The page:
Les Rivieres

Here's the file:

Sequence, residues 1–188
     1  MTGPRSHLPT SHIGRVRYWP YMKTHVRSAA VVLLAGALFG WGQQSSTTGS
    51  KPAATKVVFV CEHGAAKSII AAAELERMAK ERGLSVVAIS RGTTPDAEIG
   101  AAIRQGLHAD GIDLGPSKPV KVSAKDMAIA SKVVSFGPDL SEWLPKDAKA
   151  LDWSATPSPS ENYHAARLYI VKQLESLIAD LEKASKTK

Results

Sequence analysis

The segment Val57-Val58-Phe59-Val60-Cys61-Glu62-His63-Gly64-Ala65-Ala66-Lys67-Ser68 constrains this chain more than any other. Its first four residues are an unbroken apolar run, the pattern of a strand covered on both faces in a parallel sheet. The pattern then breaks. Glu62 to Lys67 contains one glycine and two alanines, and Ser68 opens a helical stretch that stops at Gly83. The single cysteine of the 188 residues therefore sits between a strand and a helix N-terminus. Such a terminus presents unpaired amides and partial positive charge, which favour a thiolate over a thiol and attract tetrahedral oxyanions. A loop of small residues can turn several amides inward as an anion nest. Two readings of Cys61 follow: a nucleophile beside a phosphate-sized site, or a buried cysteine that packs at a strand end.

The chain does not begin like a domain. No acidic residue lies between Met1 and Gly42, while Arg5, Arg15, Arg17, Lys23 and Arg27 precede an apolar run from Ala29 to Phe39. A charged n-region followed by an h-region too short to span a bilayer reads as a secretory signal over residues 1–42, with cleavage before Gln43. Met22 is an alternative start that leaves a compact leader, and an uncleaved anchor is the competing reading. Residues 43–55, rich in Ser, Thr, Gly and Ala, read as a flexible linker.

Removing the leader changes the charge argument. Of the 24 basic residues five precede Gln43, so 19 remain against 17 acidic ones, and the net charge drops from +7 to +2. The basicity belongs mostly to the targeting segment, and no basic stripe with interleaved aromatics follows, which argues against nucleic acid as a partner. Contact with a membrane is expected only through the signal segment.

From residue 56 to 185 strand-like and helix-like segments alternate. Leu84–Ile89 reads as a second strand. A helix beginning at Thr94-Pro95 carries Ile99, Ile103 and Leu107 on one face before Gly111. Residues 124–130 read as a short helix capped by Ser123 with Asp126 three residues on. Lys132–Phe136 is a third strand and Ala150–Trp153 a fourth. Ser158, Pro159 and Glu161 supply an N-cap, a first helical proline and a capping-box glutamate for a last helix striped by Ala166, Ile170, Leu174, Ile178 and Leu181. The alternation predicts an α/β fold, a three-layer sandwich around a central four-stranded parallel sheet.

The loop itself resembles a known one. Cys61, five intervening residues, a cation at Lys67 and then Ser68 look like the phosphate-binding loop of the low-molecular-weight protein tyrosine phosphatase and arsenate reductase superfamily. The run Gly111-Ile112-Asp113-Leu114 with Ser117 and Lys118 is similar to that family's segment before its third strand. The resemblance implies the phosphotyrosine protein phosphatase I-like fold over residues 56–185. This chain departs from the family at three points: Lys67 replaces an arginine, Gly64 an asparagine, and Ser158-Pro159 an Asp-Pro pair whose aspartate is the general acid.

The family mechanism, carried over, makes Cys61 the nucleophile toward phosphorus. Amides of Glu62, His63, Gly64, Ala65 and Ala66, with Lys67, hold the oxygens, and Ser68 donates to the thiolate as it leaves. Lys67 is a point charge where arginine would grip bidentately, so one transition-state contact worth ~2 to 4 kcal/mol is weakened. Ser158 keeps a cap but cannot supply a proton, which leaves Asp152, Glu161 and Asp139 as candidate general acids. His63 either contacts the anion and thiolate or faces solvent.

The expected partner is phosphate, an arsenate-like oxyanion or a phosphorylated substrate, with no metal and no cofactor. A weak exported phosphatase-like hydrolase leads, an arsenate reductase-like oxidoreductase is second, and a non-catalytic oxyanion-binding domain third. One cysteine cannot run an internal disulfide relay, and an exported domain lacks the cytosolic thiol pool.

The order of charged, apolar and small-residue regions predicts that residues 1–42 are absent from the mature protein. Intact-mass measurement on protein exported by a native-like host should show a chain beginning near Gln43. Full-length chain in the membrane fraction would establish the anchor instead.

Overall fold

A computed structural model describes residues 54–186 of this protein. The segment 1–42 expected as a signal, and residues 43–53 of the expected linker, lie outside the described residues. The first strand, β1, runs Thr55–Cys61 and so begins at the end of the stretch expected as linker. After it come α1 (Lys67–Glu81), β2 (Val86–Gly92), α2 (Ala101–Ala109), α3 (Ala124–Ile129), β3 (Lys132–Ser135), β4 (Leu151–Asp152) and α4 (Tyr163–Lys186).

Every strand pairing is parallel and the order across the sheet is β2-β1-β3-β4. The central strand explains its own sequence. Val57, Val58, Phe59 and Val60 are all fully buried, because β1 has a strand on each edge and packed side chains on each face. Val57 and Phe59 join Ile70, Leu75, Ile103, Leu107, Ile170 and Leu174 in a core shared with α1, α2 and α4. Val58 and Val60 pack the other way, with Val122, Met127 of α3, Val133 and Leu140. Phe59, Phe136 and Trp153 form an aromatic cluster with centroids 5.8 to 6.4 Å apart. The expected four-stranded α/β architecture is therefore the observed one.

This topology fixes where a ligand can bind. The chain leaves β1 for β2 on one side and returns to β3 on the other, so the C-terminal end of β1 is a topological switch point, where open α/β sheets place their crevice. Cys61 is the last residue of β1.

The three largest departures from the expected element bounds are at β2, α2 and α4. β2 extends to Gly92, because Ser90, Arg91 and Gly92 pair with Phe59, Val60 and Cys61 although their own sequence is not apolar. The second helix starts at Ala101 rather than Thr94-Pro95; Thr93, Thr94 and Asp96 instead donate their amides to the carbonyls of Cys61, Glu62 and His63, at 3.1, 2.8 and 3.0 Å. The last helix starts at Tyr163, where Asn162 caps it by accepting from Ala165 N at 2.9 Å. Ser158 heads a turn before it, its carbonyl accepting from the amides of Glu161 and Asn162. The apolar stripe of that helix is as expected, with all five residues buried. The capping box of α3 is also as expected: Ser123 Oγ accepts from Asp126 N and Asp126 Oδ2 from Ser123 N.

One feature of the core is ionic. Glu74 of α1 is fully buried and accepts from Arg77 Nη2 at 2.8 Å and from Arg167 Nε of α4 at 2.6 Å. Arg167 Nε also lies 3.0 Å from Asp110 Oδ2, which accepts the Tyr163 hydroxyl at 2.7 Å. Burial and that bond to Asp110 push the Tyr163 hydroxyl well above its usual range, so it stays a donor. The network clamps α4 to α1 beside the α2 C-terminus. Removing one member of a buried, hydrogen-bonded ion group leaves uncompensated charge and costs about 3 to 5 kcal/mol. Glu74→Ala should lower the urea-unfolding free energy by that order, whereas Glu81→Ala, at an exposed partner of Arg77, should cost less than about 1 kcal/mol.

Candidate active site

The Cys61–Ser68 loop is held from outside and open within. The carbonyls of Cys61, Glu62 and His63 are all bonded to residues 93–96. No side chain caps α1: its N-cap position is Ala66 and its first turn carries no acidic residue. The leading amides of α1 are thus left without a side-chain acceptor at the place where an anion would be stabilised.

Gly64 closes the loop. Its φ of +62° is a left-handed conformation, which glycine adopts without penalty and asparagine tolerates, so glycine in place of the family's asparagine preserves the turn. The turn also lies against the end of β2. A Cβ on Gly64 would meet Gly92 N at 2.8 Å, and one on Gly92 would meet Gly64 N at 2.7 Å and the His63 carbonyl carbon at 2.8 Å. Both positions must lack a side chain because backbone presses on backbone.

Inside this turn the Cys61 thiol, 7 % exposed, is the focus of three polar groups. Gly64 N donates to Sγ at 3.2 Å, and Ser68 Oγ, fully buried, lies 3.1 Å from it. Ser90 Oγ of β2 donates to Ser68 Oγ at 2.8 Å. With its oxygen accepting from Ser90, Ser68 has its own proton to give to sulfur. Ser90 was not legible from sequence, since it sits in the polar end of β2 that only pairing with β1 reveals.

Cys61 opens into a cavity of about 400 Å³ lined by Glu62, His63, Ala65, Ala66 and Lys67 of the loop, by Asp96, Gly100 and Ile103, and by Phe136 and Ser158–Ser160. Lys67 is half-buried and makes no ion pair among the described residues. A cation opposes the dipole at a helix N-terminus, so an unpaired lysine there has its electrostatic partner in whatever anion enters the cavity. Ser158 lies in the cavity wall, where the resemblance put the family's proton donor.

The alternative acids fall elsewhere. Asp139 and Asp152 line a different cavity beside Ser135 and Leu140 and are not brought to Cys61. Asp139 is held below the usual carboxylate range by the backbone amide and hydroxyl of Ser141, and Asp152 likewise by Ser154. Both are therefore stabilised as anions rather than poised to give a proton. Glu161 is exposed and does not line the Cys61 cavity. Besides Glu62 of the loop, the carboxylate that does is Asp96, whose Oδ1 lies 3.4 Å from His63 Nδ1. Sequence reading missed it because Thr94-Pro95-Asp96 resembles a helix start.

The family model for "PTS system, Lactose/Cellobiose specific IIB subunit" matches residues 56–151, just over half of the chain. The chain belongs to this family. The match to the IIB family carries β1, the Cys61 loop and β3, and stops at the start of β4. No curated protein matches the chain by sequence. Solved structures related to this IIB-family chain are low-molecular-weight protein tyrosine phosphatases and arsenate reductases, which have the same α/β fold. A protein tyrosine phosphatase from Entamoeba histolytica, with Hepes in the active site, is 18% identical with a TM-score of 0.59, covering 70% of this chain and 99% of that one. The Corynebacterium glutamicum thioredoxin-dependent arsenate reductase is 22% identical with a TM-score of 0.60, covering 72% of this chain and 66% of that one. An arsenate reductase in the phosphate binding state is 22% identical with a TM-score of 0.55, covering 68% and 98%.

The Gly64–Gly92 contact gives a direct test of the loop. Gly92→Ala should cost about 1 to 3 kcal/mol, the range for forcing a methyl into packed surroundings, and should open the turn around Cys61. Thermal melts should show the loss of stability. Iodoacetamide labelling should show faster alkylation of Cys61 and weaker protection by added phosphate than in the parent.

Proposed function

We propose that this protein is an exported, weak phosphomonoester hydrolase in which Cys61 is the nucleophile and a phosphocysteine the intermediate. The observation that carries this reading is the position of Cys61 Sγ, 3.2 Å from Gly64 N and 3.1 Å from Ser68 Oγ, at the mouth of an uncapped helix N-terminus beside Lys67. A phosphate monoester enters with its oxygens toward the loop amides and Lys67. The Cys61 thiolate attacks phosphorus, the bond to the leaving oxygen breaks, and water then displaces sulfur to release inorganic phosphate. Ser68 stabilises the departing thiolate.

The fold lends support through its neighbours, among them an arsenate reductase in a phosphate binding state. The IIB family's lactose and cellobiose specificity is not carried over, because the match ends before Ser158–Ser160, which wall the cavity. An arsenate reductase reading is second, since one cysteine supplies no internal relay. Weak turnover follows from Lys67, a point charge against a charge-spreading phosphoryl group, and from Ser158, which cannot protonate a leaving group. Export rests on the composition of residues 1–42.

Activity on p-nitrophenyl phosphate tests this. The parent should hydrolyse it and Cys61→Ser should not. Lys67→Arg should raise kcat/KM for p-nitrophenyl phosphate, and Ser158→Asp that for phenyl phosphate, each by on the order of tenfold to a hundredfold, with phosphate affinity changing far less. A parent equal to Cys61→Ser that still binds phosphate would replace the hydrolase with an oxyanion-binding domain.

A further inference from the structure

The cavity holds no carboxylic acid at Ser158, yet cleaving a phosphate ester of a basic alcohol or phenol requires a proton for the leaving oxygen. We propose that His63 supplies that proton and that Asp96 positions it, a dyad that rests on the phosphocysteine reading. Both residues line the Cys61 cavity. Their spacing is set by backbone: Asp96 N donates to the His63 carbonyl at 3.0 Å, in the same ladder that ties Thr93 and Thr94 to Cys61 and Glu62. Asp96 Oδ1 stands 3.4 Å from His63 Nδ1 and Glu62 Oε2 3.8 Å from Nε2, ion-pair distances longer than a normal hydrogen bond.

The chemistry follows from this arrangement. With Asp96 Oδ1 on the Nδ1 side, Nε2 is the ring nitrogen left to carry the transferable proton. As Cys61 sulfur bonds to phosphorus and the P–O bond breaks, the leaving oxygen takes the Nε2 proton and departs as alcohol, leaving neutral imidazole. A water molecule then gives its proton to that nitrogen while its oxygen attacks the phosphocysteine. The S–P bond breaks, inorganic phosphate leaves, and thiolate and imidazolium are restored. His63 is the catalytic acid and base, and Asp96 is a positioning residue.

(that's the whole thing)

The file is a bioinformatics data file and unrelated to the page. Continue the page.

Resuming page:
Be With Family member Kenny Dickenson's lovely score to French-Vietnamese artist Mai Hua's 2020 documentary film Les Rivières. If you enjoy the more minimal, intimate piano of the likes of Nils Frahm or John Carroll Kirby's solo work, you're certain to fall for this beautiful album. Taking six years to make, Mai's film explores what happened when she brought her dying grandmother to France, pulling together four generations of women from the same family. Kenny's score accompanies all the pretty things, sad things, dirty, beautiful, happy, broken and reborn moments of these women's experiences. The whole score is built around delicate, sparkling piano motifs. At times they're joined by cello and complemented with ambient chords and other flourishes. When it comes to describing the end results, Kenny's happy to wear his influences on his sleeve: "When the director and I sat down for the creative meetings early in the process, we watched Wolf Children, a Japanese animation film by Mamoru Hosoda. The amazing soundtrack by Masakatsu Takagi was a launching point for me and thereafter I leaned into more modern classical composers -- Reich, Sakamoto, Glass as well as Jon Hassell's Fourth World output. Richard Reed Parry's Music for Heart and Breath was a good early touchstone for me and Mark Hollis' sparse, considered and deliberate approach was a constant presence. Also labels like Ghostly, ASIP and the ubiquitous Erased Tapes should probably get a nod here too..." There's the occasional Yann Tiersen moment in there too. Out of sheer necessity the collaboration between Kenny and Mai continued beyond this initial creative direction. With Kenny speaking neither French nor Vietnamese, Mai acted as translator, a process that naturally led to discussing the film beyond just what was being said in the footage. Kenny composed much of the music in London, at the same time that Mai was shooting and editing. As the film took shape and the music also evolved, another challenge presented itself when Kenny relocated to Los Angeles part way through, resulting in Arnulf Lindners beautiful cello taking on new shapes- multi sampled, played and manipulated by Kenny into new compositions. The album also includes a new piece "Pour Marthe" that Kenny composed in memory of Mai's grandmother who died after the film was finished. Vinyl mastered by Simon Francis, cut by Pete Norman, and pressed at Record Industry. The sleeve follows the film's poster and other promotional material, including Lucile Gomez's illustration.